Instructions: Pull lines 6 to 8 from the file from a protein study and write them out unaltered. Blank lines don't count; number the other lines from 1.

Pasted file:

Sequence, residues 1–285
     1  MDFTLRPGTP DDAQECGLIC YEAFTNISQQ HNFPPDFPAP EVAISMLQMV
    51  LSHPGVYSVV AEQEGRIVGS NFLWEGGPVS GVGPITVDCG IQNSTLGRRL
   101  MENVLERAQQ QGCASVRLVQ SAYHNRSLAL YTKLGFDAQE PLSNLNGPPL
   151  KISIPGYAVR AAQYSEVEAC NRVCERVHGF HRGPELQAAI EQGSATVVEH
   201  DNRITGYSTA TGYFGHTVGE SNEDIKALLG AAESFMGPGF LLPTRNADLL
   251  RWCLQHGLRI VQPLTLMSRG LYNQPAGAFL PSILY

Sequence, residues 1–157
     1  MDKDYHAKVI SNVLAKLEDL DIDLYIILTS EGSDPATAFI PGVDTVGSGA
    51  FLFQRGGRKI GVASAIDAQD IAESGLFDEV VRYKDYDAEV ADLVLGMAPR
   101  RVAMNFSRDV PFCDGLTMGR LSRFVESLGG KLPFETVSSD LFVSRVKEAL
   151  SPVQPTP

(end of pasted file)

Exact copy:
   201  DNRITGYSTA TGYFGHTVGE SNEDIKALLG AAESFMGPGF LLPTRNADLL
   251  RWCLQHGLRI VQPLTLMSRG LYNQPAGAFL PSILY

Sequence, residues 1–157